Madrid has some amazing restaurants, whether you’re in the mood for tapas, something budget-friendly or something trendy. Typically frequented by locals, here’s a tour of some of Madrid’s best if you’re a foodie looking to try some real Spanish cuisine.
If you’re in the mood to sample cheese, La Carbonera’s selection of Spanish and international varieties will impress even the most knowledgeable cheese connoisseur. The best idea is to order one of the cheese boards, which allows you select different types of queso and try them in groups of four, five or six. Of course, the restaurant offers plenty of wines to pair with the cheeses, and the ambiance (thanks to trendy decor and funky tune) is on point.
This authentic Madrileño tapas bar is as traditional as it gets. Stand at the long bar and order a drink and one of the many delectable looking tapas on small baguettes in clear cases. The bartenders will heat up the tapas for you upon order, making the bread nice and crispy. Fan favorites at Jurucha include the creamed spinach topped with quail egg on bread and the salmon with brie on bread. Brush up on your Spanish before going here, though, as most of the waiters and bartenders speak only Spanish.
Though La Manduca is located in the outskirts of the city center, it has practically a cult following of hungry locals that make the trek out to chow down on the delicious meats, cheese and ham offered there. Summer is the best time to visit, when the small bar quadruples in size thanks to the enormous outdoor terrace it sets up in the plaza outside its restaurant. If you can handle a little spice, this spot offers some of the best patatas bravas in town.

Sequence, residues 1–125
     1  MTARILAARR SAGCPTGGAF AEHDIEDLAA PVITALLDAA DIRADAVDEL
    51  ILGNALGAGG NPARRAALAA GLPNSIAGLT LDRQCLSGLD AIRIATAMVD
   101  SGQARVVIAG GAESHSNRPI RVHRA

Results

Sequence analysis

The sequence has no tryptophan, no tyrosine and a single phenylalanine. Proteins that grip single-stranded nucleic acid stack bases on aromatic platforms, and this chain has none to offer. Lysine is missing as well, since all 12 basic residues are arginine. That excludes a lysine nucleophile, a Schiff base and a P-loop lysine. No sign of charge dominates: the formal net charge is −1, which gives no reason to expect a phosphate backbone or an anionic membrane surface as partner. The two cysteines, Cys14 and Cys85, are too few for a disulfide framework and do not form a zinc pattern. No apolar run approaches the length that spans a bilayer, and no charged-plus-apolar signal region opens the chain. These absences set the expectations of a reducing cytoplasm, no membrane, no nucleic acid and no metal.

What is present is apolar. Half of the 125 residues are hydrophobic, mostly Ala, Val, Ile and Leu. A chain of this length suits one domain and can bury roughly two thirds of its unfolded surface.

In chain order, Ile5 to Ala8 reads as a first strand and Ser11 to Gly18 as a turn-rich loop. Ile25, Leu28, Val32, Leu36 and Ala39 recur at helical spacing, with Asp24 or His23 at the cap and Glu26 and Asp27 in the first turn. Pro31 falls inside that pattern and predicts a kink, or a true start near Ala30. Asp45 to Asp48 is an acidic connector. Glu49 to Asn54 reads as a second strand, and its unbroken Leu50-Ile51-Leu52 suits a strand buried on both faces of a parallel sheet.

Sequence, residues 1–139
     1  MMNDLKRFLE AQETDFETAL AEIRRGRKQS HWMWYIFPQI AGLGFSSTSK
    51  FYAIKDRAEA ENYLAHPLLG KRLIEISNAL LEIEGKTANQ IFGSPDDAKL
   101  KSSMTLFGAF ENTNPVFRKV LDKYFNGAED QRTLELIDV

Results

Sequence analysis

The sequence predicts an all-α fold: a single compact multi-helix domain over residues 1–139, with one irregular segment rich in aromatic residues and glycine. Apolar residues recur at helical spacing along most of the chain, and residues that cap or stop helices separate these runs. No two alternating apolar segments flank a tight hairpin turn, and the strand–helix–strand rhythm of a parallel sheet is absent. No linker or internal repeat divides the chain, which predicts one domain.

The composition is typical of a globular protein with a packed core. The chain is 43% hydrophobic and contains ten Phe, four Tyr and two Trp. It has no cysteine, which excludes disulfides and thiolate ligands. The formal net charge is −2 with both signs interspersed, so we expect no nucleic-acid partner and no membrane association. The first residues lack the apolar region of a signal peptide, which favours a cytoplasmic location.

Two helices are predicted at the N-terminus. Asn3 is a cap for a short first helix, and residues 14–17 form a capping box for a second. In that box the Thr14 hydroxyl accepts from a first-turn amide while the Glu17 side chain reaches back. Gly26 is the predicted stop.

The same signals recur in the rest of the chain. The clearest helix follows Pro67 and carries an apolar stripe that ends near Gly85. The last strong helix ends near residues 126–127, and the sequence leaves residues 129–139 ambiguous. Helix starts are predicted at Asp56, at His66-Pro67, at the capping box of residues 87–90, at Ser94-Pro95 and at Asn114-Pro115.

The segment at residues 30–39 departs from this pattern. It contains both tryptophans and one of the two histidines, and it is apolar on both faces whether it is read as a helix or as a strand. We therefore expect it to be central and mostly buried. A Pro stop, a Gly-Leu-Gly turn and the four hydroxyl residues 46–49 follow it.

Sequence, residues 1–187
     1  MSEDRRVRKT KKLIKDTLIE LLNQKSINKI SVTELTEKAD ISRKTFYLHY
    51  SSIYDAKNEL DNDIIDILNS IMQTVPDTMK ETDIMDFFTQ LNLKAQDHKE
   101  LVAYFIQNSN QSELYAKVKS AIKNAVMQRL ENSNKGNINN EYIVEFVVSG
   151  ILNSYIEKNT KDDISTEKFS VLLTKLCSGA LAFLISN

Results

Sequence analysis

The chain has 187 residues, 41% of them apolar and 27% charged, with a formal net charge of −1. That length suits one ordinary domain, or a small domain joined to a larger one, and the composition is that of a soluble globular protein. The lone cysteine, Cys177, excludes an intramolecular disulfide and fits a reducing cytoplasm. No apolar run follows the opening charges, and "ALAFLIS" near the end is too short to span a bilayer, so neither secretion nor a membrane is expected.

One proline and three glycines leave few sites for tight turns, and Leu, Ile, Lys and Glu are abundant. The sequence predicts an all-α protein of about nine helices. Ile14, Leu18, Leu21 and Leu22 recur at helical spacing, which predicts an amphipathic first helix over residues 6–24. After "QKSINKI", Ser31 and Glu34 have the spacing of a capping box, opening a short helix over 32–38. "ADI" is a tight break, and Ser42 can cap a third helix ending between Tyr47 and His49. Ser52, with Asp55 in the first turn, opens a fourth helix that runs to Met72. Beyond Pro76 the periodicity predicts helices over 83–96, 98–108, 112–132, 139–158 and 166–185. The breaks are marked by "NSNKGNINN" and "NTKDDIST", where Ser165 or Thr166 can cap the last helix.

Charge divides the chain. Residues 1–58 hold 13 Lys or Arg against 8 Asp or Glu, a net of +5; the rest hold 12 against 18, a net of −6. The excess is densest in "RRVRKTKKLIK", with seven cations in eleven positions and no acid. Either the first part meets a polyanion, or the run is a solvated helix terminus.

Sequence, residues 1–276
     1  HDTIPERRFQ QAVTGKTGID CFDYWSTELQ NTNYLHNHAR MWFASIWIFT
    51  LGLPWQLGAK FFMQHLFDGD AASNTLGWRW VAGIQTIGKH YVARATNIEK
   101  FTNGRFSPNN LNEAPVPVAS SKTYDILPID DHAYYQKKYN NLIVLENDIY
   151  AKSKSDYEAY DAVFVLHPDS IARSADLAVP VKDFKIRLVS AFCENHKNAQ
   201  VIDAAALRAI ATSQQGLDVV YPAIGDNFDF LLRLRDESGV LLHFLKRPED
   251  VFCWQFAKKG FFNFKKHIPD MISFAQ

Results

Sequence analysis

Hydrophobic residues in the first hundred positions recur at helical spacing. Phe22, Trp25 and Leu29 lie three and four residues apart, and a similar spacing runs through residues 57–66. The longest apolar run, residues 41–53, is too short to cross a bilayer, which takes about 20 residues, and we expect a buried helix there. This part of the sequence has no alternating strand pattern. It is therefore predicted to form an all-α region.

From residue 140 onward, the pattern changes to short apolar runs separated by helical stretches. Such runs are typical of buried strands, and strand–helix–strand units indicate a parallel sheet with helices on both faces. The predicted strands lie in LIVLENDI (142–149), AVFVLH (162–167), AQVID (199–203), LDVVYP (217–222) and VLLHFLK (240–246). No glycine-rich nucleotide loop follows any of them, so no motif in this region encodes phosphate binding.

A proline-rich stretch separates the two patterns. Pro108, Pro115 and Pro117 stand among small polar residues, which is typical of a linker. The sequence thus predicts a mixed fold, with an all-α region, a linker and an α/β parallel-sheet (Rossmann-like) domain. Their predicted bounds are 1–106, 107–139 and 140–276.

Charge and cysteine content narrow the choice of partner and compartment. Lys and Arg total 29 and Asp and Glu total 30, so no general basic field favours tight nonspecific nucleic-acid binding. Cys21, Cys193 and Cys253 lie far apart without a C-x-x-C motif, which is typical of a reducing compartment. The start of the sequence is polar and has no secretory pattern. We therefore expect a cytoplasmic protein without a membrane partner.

Chocolate and churros (delicious fried sticks of dough) is one of Madrid’s most popular (and most calorific) breakfasts. While there are many touristy spots where you can indulge in the pleasure of dipping churros into steaming hot mugs of chocolate, Valor is known to have some of the best chocolate con churros around—not to mention, the restaurant is decently priced and virtually devoid of tourists. There’s even a Valor shop next to the restaurant so you can buy some sweets to to take home.
One of the oldest restaurants in Madrid, this spot dates back to 1888. Although tourists sometimes stumble upon it, Casa Mingo is still frequented by tons of locals and really hasn’t changed much from when it first opened. Sticking to its roots, the restaurant serves sidra, an apple cider-like drink originating from the Asturias region in Spain, as well as cheese, chicken and chorizo-based dishes.